USDA Awards More Than $8 Million to Support Community Food Projects

WASHINGTON, Oct. 13, 2015 – The U.S. Department of Agriculture’s (USDA) National Institute of Food and Agriculture (NIFA) today announced $8.6 million in grants through the Community Food Projects (CFP) program to organizations that will develop local solutions to food insecurity and increase access to local and independent food systems for low-income communities.
 
“These projects allow communities with traditionally limited access to food systems to implement local and community-oriented solutions, reducing hunger and increasing successful self-reliance,” said Sonny Ramaswamy, NIFA director. “Improved food systems in these communities have positive impacts on sustainability, health, economics, and security for both consumers and producers.”
 
The primary goals of the CFP program are to (1) meet food needs of low-income individuals; (2) increase food self-reliance of low-income communities; (3) promote comprehensive responses to local food, farm, and nutrition issues; and (4) meet specific state, local, or neighborhood food and agricultural needs, including needs related to infrastructure improvement and development, planning for long-term solutions, and creation of innovative marketing activities that mutually benefit agricultural producers and low-income consumers.
 
Fiscal year 2015 grants include:
  • Jones Valley Urban Farm, Birmingham, Ala., $125,000
  • Pacific Youth and Community Development, Pago Pago, American Samoa, $400,000
  • Smith River Rancheria, Crescent City, Calif., $397,788
  • Leadership for Urban Renewal Network, Inc., Los Angeles, Calif., $350,580
  • Hunters Point Family, San Francisco, Calif., $342,927
  • North Coast Opportunities, Inc., Ukiah, Calif., $268,000
  • DC Central Kitchen, Inc., Washington, District of Columbia, $374,007
  • Sustainable Molokai, Kaunakakai, Hawaii, $374,251
  • Angelic Organics Learning Center, Caledonia, Ill., $292,773
  • Madisonville Community College, Madisonville, Ky., $89,479
  • Regional Environmental Council, Inc., Worcester, Mass. $400,000
  • Cultivating Community, Portland, Maine, $375,000
  • Appetite For Change, Minneapolis, Minn., $374,402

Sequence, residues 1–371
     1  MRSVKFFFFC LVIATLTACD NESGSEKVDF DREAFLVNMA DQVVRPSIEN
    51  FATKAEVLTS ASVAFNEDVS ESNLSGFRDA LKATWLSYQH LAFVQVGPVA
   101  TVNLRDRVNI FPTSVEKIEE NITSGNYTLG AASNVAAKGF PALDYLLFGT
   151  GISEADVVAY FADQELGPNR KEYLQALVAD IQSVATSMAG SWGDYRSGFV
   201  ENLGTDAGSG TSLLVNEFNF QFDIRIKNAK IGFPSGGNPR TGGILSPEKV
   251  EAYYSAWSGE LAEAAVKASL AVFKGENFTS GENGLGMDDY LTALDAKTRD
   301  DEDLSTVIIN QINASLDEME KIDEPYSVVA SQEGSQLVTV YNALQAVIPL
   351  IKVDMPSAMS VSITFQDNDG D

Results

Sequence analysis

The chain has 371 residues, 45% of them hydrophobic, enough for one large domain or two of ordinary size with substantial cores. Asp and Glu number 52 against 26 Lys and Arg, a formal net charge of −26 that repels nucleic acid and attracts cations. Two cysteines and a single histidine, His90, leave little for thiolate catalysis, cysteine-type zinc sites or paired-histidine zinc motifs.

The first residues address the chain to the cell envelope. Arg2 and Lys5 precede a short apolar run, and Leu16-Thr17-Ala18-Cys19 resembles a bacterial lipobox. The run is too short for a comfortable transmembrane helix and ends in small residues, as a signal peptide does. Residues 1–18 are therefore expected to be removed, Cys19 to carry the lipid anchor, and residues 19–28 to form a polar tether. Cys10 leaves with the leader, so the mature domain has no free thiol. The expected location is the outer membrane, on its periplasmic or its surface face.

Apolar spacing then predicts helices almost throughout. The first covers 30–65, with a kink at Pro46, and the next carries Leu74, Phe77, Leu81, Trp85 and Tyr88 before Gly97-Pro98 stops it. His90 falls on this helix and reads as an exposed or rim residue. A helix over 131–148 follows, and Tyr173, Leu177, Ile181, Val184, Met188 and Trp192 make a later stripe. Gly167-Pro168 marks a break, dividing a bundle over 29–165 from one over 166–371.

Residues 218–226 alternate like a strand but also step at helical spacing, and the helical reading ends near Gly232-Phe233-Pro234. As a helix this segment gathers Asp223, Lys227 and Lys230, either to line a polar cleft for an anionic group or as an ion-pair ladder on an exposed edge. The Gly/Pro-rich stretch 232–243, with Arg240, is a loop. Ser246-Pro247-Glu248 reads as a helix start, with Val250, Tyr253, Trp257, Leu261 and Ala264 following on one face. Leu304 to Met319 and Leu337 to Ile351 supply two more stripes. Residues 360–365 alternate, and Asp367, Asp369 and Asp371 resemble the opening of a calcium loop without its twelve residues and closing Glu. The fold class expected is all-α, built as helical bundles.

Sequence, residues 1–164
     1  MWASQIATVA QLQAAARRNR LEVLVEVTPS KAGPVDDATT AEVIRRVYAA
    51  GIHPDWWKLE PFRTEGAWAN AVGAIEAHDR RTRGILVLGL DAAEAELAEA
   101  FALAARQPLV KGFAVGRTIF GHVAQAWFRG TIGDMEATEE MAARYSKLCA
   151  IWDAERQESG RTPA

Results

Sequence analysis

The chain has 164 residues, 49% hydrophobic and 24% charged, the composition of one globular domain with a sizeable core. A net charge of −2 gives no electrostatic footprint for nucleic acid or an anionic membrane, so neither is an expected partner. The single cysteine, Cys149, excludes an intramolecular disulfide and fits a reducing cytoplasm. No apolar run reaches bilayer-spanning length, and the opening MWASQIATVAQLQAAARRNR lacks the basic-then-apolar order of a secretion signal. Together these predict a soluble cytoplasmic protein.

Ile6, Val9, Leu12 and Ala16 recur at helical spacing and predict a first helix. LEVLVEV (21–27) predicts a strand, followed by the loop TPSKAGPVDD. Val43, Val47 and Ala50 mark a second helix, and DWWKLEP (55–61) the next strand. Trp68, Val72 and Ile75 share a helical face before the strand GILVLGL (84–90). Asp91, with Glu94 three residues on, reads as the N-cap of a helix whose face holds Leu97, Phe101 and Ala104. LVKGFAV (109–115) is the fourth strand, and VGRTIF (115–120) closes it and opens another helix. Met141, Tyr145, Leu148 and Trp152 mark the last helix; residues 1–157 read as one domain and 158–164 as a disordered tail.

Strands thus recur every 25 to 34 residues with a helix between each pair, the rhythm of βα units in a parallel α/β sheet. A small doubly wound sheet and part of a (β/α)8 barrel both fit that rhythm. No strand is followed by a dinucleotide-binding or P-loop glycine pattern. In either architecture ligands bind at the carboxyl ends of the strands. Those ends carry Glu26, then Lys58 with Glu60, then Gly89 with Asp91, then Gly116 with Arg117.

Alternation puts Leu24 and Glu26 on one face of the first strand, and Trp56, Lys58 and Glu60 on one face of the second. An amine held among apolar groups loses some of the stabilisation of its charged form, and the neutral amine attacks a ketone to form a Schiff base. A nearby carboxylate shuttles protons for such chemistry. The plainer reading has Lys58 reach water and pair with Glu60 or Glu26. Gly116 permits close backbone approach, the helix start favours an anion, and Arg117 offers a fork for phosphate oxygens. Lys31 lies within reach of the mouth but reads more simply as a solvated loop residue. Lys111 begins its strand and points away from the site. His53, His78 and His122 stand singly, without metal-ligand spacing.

• Land Stewardship Project, Minneapolis, Minn., $299,962
  • Latino Economic Development Center, Minneapolis, Minn., $400,000
  • EarthDance, Ferguson, Mo., $35,000
  • Community Food & Agriculture Coalition, Inc., Missoula, Mont., $195,996
  • Center for Rural Affairs, Lyons, Neb., $35,000
  • La Semilla Food Center, Anthony, N.M., $399,692
  • Northeast Brooklyn Housing Development Corporation, Brooklyn, N.Y., $375,000
  • Myrtle Ave Comme Revitalization & Development Project LDC, Brooklyn, N.Y., $161,451
  • Cornell Cooperative Extension of Sullivan County, Liberty, N.Y., $34,270
  • Rochester Roots, Inc., Rochester, N.Y., $374,830
  • Local Matters, Columbus, Ohio, $35,000
  • Mid-Ohio Foodbank, Grove City, Ohio, $375,000
  • Grow Portland, Portland, Ore., $400,000
  • Janus Youth Programs, Inc., Portland, Ore., $400,000
  • Rodale Institute, Kutztown, Pa., $262,115
  • Thundermist Health Center, Warwick, R.I., $35,000
  • Family Agriculture Resource Management Services, Dillon, S.C., $35,000
  • Thunder Valley Community Development Corporation, Porcupine, S.D., $375,000
  • City Schoolyard Garden, Inc., Charlottesville, Va., $247,477
 
Examples of what these grants will focus on include a community-engaged movement from Thundermist Health Center, where a former mill town area contains half of the state’s food deserts. By bringing community groups together to reinforce each other’s missions, this project aims to reduce food insecurity, increase utilization of local food systems, and more to support this low-income community. Another project from Pacific Youth and Community Development in American Samoa will use education and implementation of hydroponics farming to reduce food insecurity and food safety issues, as well as increasing access and emphasis on healthy foods within communities. Information about all FY 2015 grants can be found here.
 
CFP is an important part of USDA’s Know Your Farmer, Know Your Food initiative, which works to strengthen and support local and regional food systems.  More information on the initiative, including an interactive map of CFP and other federally-supported local food projects, can be found at: www.usda.gov/knowyourfarmer.
 
Funding for the CFP program is authorized by the 2014 Farm Bill. The Farm Bill builds on historic economic gains in rural America over the past six years, while achieving meaningful reform and billions of dollars in savings for taxpayers. Since enactment, USDA has made significant progress to implement each provision of this critical legislation, including providing disaster relief to farmers and ranchers; strengthening risk management tools; expanding access to rural credit; funding critical research; establishing innovative public-private conservation partnerships; developing new markets for rural-made products; and investing in infrastructure, housing and community facilities to help improve quality of life in rural America. For more information, visit www.usda.gov/farmbill.   
 
NIFA invests in and advances agricultural research, education, and extension and seeks to make transformative discoveries that solve societal challenges. To learn more about NIFA’s impact on agricultural science, visit nifa.usda.gov/impacts or follow us on Twitter @usda_nifa#NIFAImpacts.
 
USDA is an equal opportunity provider and employer. To file a complaint of discrimination, write to USDA, Assistant Secretary for Civil Rights, Office of the Assistant Secretary for Civil Rights, 1400 Independence Avenue, S.W., Stop 9410, Washington, DC 20250-9410, or call toll-free at (866) 632-9992 (English) or (800) 877-8339 (TDD) or (866) 377-8642 (English Federal-relay) or (800) 845-6136 (Spanish Federal-relay)